She took a deep breath and gripped the handle of her blade tighter until the plastic of the old hairbrush dug into her skin. Just as she was about to raise her arm to strike, her body shook. Kiarra closed her eyes and breathed in and out until she calmed down enough to stop shaking. Ending her life, noble as her reasons may be, was a lot harder than she’d imagined.

Mostly because she was afraid to die.

But her window of opportunity was closing fast; the AMT-wide meeting would end in less than an hour. After that, she would have to wait a whole other month before she could try again, and who knew how many more first-borns would suffer because of her cowardice.

Maybe, if she recalled the conversation between the two researchers, the one which forebode the future harsh realities of the other AMT prisoners, she’d muster enough nerve to do what needed to be done.

It was worth a shot, so Kiarra closed her eyes and recalled the conversation that had changed the course of her life forever.


Strapped to a cold metal examination table, Kiarra kept her eyes closed and forced herself to stay preternaturally still. The slightest movement would alert the researchers in the room that she was conscious again. She couldn’t let that happen, not if she wanted to find out the reason why the researchers had increased her examination visits and blood draws over the past two weeks.

Most AMT prisoners wouldn’t think twice about it, since they’d been conditioned not to ask questions, but Kiarra had gone through something similar before. The last time her visits had increased with the same frequency, the AMT researchers had stolen her elemental magic.

Since then, no matter how many times she reached to the south—the direction of elemental fire—she felt nothing. No tingling warmth, no comforting flame. She was no different from a non-first-born, yet she was still a prisoner, unable to see the sky or feel a breeze, and forced to live in constant fear of what the guards or researchers might do to her.

Of how they might punish her.

Dark memories invaded her mind. However, when the female researcher in the room spoke again, it snapped Kiarra back to the present. The woman’s words might tell her more about her future, provided she had one after her treatment.

She listened with every cell in her body and steeled herself not to react. 

“Interesting,” the female researcher said. “Out of the ten teenagers, nine of them still can’t use their elemental magic, just like F-839. Dr. Adams was right—her blood was the key to getting the Null Formula to work.”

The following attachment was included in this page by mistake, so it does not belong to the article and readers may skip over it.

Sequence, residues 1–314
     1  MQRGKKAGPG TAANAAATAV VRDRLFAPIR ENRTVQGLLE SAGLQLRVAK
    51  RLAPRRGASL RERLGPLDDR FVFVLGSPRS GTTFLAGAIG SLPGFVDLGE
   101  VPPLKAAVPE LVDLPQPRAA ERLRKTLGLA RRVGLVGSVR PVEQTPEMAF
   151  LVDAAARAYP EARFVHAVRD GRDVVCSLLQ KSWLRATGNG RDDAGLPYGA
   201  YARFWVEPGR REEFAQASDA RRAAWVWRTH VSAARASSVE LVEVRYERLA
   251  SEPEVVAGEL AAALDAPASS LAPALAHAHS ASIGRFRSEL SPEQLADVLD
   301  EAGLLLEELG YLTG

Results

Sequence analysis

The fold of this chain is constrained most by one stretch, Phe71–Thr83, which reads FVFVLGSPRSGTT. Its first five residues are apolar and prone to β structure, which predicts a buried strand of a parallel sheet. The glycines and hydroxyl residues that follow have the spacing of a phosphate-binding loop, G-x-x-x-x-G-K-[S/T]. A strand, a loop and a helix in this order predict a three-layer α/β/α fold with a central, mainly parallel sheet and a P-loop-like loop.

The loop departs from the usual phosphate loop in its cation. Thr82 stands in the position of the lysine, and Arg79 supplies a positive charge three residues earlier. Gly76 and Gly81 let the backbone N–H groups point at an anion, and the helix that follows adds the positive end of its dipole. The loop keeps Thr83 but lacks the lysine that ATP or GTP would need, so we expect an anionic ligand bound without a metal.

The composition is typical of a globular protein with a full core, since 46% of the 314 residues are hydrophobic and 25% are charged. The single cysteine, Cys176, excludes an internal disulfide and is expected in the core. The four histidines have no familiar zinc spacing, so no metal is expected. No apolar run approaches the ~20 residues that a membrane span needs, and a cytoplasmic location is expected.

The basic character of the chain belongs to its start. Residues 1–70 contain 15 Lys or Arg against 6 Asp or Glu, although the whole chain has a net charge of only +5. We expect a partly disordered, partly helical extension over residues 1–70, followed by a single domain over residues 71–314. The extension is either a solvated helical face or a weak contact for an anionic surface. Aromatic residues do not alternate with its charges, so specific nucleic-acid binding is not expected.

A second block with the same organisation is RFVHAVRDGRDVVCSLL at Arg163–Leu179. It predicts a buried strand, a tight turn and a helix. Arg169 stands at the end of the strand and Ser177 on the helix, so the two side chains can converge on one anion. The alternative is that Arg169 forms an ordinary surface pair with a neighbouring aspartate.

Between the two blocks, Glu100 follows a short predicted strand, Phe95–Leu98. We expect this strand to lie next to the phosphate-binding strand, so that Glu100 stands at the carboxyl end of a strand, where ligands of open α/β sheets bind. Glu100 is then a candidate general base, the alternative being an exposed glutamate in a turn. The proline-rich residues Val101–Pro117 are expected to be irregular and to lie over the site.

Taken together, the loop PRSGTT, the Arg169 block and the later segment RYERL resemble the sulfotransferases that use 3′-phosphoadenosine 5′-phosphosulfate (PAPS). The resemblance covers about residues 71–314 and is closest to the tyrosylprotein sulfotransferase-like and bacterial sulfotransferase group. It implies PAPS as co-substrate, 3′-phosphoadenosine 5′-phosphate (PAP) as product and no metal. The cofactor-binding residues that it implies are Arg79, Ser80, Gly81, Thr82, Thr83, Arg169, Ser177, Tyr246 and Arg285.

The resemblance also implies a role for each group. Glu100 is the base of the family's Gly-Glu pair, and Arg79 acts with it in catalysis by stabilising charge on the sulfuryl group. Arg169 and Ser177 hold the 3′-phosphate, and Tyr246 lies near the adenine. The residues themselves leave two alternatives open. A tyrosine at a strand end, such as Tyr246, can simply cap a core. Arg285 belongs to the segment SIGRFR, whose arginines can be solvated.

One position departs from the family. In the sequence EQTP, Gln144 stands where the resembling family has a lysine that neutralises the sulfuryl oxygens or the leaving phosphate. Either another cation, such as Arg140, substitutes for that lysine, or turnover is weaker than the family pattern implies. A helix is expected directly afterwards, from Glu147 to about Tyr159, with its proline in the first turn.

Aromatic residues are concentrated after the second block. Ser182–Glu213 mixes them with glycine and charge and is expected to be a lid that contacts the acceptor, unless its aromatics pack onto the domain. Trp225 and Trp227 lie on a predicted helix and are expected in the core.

It took all of Kiarra’s control not to draw in a breath. Her serial number was F-839, and all of the extra blood draws finally made sense—the AMT was using her blood to try and eradicate elemental magic.

The male researcher spoke up. “They’re going to start a new, larger test group in a few weeks and see if they can stop the first-borns from going insane and/or committing suicide. If we don’’t get the insanity rate below ten percent, then we’ll never be able to implement this planet-wide.”

“Don’t worry, we’ll get there. We have a few million first-borns to burn through to get it right.”


Kiarra opened her eyes and embraced the guilt she felt every time she thought about what had happened to those poor first-born teenagers.

Because of her blood, not only had five teenagers already gone insane, but their insanity was driving an untold number of them to suicide.

And the researchers wanted to repeat the process with a larger group.

She couldn’t let that happen.

They needed her blood, drawn and injected within hours, as a type of catalyst for the Null Formula to work. If they didn’t have access to her blood, they wouldn’t be able to conduct any more tests. 

There was a chance the researchers might find another catalyst within a few weeks or months, but it was a risk she was willing to take. Stopping the tests, even for a few months, would prevent more people from going insane or committing suicide.

Kiarra needed to die.

I can do this. Think of the others. Taking a deep breath, she tightened her grip around the shiv’s handle and whispered, “Please let this work,”” before raising the blade with a steady hand and plunging it into the top half of her forearm.

Kiarra sucked in a breath as a searing pain shot up her arm. To prevent herself from making any more noise, she bit her lip. Despite the AMT-wide staff meeting, a guard would come to investigate her cell if she screamed.

You can do this, Kiarra. Finish it. With her next inhalation, she pulled the blade a fraction more down toward her wrist. This time she bit her lip hard enough she could taste iron on her tongue. 

While her brain screamed for her to stop, she ignored it and gripped the handle of the blade until it bit into her palm. Only when her heart stopped beating would the other first-borns be safe—at least from her.

An image of a little girl crying, reaching out her arms and screaming Kiarra’s name, came unbidden into her mind, but she forced it aside. Her sister had abandoned her, just like the rest of her family. Her death wouldn’t cause anyone sadness or pain. Rather, through death, she would finally have a purpose.

This was it. On the next inhalation, she moved the blade a fraction. But before she could finish the job, the door of her cell slid open.

Kiarra looked up and saw a tall man, dressed head to toe in black, standing in her doorway and pointing a gun straight at her.

Shit. She'd been discovered.